“(1) the presented material should have a coherent structure and (2) the message should provide guidance to the learner for how to build the structure. If the material lacks a coherent structure — such as being a collection of isolated facts — the learner’s model-building efforts will be fruitless. If the message lacks guidance for how to structure the presented material, the learner’s model-building efforts may be overwhelmed. Multimedia design can be conceptualized as an attempt to assist learners in their model-building efforts.”
This would not seem to support the idea of using distracting information with novice learners and I would argue that many textbook questions have substeps in order to assist learners in their model-building efforts. [I will also take this opportunity to add that Mayer has written an excellent paper on the repeated failure of discovery learning]
The paper that I found by David and Roger Johnson on ‘constructive controversy’ doesn’t seem to have much to do with the effectiveness of maths teaching, focusing largely on variations of social studies lessons. It does have some data and reports effect sizes. However, many of the dimensions on which constructive controversy is assessed are things like attitudes and motivation. When academic performance is reported, constructive controversy seems to lead to ‘higher-level reasoning strategies’. I think it would be important to look at exactly how this is measured, particularly since much of the discussion is about understanding the position of opponents. It is not obvious how this might apply in maths.
It also seems that constructive controversy is not compared with explicit instruction in these studies (the comparison conditions are group ‘concurrence-seeking’, ‘debate’ where a judge decides on winners and losers and ‘individualistic efforts’). I am willing to concede that controversy may make something memorable and interesting but I am not sure that we have to follow the Johnson’s model in order to introduce it or that explicit forms of instruction cannot make use of controversy.
And so, finally, I reviewed an article by Kasmer and Kim on ‘The nature of student predictions and learning opportunities in middle school algebra.’ I can see that prediction might be a component of problem-based learning and that it might help to activate prior knowledge or give knowledge-gap experience to students. Yet the study in question seems to have no control group and so we can’t really establish the extent of the advantages of predictions over any other type of instruction (I did briefly look for controlled studies but couldn’t find any):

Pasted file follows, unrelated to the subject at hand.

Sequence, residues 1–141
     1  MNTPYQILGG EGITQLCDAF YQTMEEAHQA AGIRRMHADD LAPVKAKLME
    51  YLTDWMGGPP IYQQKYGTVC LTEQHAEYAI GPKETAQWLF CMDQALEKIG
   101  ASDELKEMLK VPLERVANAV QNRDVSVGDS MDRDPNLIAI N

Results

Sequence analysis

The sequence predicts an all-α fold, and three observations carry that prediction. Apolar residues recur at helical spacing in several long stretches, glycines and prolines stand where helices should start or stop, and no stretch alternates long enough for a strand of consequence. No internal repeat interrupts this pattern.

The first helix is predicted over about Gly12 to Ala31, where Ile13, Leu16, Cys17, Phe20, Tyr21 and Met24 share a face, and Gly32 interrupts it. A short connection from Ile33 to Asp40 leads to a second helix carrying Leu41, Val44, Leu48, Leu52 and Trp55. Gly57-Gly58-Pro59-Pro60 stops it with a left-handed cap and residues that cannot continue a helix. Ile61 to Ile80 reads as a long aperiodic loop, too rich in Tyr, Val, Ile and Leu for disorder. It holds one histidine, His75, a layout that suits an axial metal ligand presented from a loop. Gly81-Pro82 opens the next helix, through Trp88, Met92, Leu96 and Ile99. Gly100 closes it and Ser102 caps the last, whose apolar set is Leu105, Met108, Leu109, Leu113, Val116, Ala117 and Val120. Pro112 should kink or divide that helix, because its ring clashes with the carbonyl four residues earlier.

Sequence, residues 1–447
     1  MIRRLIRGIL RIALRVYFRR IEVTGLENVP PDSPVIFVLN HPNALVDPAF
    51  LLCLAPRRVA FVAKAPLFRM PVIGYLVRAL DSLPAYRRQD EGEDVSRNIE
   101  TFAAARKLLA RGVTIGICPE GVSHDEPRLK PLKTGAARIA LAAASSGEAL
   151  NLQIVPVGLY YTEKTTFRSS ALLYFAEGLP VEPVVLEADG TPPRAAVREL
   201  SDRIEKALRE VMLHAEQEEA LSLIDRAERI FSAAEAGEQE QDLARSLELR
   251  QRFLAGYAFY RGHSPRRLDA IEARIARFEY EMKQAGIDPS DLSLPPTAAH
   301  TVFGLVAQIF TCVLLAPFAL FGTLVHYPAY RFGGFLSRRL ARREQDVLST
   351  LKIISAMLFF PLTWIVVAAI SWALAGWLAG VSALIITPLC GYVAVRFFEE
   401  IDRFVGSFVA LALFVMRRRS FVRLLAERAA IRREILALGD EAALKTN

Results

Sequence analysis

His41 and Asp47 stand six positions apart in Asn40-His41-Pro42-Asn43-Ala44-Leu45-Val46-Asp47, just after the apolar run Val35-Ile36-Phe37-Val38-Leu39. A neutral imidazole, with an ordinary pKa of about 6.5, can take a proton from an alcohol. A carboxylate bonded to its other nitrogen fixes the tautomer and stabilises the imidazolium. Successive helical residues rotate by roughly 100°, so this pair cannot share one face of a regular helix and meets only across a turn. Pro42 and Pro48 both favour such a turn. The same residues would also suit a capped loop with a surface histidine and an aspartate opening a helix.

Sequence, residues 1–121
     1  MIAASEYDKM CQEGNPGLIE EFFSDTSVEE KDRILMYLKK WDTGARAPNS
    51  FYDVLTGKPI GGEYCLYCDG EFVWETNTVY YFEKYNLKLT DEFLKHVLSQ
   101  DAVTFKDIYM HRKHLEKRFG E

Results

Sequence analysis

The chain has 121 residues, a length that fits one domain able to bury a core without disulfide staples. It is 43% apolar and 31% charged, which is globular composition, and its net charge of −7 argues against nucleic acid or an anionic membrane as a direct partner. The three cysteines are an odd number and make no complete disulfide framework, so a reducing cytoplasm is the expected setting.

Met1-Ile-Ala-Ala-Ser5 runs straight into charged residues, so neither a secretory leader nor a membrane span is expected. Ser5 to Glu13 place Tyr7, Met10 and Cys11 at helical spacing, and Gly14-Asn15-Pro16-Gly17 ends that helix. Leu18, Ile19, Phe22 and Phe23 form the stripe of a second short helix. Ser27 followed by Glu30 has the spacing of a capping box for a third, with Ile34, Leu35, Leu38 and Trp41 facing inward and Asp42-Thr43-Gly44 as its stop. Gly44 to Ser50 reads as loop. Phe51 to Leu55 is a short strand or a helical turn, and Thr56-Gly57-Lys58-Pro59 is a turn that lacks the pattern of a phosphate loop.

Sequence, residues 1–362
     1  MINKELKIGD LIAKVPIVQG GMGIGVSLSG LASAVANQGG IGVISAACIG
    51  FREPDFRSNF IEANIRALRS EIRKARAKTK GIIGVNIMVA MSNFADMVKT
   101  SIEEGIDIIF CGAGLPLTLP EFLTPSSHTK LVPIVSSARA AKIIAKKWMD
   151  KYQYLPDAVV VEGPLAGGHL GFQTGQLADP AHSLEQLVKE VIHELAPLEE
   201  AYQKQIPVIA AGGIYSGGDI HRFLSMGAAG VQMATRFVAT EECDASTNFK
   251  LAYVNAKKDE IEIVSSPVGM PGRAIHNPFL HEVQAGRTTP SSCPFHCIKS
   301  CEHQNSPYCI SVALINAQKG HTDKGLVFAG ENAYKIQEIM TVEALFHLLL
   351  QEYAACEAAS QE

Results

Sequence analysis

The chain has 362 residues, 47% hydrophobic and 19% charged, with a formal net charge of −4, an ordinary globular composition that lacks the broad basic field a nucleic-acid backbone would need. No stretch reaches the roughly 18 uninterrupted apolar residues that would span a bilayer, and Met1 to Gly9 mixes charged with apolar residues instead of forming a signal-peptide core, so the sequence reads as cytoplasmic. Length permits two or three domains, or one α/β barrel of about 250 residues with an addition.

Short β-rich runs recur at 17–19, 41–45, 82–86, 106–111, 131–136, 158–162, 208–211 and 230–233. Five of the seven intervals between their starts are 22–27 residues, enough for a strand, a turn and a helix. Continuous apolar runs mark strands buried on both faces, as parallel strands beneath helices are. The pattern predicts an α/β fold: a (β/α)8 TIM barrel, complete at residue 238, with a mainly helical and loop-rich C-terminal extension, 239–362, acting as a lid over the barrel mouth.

“In order to investigate the value of using prediction, prediction questions were developed and posed in one middle school mathematics classroom throughout one school year. The target content area was algebra: linear and exponential relationships.”
Let us assume that there are significant advantages to making predictions. This still does not imply the use of problems with distracting information and substeps removed. Predictions could as easily be incorporated into a period of explicit instruction as one of problem-based learning. We could ask students what they think will happen before demonstrating the correct method. In fact, I do this a lot.
In my view, the papers that I have presented do not provide compelling evidence that maths teachers should follow the approach to maths teaching that Meyer describes. Instead, there’s seems to be a much stronger case for using explicit instruction. You can find some of the evidence to support my view here and I intend to have an ebook available soon where I will discuss this at greater length.